Treasure in Heaven

Maybe Jesus envisions a world where people don’t have to earn the right to eat

Man with hands outstretched in a field
Photo by Hanny Naibaho on Unsplash; licensed under CC0.

January 29, 2023

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Commentary on Matthew 6:7-21

Jesus’ words about forgiveness and wealth in Matthew 6:14–21 inspire us to live simply, weighed down neither by possessions nor by grudges; however, it’s easy for these words to be read in a way that makes life harder for the dispossessed and only minorly convicting for people who live comfortable lives.

For instance, the call to “forgive others their trespasses” can be treated as a quick fix especially in contexts of power imbalances. When someone with little social power has been wronged, they might be urged just to let it go because nothing can be done anyway. While forgiveness can be life giving to the one who forgives, it shouldn’t be used to sweep injustices under the proverbial rug.

Similarly, Jesus instructs his followers not to store up treasures on earth but instead to “store up for yourselves treasures in heaven.” This command can easily be used to dismiss the concerns of the poor. “Are you working three jobs to make ends meet and have no health benefits to show for it? That’s ok. If you just focus on the spiritual things of the world, you’ll be rewarded in heaven!”

On the other hand, when reading these verses from a position of privilege, it is tempting to take them as mild commands that affect one’s life very little. We might be satisfied with reading these verses as general admonitions to avoid holding grudges and to embark upon an annual garage clean out, perhaps even donating items to charity here and there. 

But if we go back to the prayer Jesus models for his followers in 6:9–13, we are invited to move beyond these superficial ways of reading toward a reading that challenges the power systems of the world.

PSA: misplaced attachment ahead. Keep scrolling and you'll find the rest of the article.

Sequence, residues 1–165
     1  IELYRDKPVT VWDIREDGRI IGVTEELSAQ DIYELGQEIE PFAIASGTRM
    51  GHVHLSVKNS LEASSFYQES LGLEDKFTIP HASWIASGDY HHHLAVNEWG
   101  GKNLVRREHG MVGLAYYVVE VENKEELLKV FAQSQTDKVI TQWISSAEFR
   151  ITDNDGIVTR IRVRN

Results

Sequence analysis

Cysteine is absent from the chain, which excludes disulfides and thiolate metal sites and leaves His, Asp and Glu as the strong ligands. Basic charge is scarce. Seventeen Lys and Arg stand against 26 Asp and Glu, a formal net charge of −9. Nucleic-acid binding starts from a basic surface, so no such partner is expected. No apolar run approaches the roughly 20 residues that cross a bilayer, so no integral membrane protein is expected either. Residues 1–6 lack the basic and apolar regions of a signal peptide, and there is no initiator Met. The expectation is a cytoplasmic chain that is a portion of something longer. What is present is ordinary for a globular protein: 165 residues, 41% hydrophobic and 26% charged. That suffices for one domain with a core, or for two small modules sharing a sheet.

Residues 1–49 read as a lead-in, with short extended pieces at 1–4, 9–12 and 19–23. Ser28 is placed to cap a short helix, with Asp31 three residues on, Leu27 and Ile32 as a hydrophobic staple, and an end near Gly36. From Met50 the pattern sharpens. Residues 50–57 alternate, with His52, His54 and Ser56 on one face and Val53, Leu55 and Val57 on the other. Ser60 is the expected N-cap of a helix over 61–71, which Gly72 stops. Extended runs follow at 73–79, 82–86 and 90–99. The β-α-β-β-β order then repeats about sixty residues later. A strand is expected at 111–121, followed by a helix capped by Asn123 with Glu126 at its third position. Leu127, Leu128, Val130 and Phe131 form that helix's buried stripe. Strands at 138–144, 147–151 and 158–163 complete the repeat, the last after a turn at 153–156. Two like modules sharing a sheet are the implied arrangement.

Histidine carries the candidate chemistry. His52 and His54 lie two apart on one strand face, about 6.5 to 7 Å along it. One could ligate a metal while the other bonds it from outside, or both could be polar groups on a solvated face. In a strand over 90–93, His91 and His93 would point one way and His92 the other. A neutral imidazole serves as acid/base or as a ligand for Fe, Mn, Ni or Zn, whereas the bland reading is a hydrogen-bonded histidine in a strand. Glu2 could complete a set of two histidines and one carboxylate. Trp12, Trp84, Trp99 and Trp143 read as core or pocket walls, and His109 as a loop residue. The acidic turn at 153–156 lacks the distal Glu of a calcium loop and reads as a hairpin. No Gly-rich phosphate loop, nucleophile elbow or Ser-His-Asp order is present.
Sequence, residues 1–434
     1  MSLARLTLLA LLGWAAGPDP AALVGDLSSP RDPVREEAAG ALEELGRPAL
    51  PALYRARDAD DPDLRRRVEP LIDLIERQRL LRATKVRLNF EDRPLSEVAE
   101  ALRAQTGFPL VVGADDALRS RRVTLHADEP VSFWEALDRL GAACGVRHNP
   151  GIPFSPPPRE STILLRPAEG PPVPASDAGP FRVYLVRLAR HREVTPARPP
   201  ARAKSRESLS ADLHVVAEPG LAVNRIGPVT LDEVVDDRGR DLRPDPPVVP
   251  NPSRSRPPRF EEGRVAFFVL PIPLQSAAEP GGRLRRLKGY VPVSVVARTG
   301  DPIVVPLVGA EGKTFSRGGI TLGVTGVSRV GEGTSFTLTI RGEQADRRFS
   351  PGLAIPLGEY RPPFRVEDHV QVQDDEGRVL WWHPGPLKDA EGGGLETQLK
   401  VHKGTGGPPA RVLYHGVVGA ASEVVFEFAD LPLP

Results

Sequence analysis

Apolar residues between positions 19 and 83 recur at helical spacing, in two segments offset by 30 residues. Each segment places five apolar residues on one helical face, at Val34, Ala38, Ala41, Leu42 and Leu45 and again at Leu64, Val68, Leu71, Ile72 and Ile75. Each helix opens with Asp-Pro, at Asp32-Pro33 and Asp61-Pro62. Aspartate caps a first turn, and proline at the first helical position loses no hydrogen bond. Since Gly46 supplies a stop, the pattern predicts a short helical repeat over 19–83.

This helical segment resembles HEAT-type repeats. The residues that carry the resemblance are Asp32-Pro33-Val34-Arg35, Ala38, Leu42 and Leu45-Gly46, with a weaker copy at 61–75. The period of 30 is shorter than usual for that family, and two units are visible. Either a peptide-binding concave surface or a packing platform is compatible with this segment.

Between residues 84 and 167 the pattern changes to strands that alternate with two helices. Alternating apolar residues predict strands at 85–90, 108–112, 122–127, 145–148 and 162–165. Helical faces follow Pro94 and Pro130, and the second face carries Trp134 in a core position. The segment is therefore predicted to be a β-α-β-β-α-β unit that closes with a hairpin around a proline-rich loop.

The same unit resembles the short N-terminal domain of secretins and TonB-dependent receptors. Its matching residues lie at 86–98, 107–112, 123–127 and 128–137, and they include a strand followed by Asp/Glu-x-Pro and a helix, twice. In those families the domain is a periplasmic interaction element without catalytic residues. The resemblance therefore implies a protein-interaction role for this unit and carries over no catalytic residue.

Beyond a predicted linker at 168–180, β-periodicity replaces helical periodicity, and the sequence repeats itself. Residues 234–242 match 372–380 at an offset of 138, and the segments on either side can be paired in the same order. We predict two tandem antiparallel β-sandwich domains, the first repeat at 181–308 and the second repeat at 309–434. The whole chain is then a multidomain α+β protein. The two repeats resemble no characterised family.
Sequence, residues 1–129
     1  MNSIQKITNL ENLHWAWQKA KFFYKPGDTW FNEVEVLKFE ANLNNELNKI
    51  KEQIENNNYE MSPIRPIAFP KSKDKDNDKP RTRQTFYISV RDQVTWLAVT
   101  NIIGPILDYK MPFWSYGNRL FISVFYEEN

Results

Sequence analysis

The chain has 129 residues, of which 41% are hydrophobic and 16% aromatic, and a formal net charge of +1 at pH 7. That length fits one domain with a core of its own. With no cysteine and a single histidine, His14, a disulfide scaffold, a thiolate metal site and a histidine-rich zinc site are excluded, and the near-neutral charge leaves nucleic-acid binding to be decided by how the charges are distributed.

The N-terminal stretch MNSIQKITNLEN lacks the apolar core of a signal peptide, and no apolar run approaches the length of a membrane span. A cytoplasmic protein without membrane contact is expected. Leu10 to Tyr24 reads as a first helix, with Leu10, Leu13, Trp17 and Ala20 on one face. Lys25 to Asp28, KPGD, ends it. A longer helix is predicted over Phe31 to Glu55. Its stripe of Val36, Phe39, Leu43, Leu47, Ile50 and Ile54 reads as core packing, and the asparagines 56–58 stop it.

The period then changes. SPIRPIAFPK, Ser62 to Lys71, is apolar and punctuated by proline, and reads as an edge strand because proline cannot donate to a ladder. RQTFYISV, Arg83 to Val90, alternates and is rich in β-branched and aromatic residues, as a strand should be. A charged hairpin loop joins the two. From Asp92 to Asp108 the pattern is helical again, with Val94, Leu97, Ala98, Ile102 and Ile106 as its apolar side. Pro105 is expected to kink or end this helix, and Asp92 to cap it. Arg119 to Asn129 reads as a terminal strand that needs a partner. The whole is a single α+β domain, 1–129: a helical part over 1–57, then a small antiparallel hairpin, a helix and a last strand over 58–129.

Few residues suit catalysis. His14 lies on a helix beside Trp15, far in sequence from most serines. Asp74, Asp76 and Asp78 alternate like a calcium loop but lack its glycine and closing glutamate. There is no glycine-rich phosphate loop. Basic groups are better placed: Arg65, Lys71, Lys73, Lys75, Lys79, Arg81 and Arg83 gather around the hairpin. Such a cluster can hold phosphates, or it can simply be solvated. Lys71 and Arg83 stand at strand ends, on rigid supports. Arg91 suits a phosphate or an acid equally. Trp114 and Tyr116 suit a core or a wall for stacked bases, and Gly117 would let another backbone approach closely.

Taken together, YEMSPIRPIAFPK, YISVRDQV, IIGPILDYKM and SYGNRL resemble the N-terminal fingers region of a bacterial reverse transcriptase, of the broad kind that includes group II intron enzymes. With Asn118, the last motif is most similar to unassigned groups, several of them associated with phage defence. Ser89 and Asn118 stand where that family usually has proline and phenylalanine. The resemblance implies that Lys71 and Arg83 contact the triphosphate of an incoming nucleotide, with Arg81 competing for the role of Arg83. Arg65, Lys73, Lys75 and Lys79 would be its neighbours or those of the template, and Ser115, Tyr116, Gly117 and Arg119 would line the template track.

Teaching his disciples how to pray, Jesus gets straight to the point(s). The prayer calls for the coming of God’s kingdom and will on earth. In other words, “May things on earth be as they ought to be, just like they are in heaven: characterized by your benevolent will and just kingdom.” 

What follow are two ways God’s kingdom comes and God’s will is done: the provision of daily bread (or “our bread sufficient for the coming day,” as the Greek reads) and release from debts. Both requests ask for these things to take place on earth, but both requests are directed first toward God, recognizing that God is the ultimate source of all good things. 

In fact, when it comes to “daily bread,” we might be reminded of another time when God provided a bread-like substance each day for God’s people. When the Israelites were in the wilderness, God provided them manna daily (Exodus 16). The people could not store up extra for themselves because the manna would spoil. But there it was, every day. And it was readily available to all the people. No one had to earn it. No one had to pay for it. It was there, and it was enough. 

In praying for daily bread, Jesus isn’t asking God to magically send food to earth from heaven each day. He’s not saying we should expect our needs to be provided for miraculously (not that this couldn’t happen). Instead, taking seriously the idea that God’s will and kingdom are coming here to earth, maybe Jesus is asking that the world be characterized by the gift of daily bread. Maybe Jesus envisions a world where people don’t have to earn the right to eat.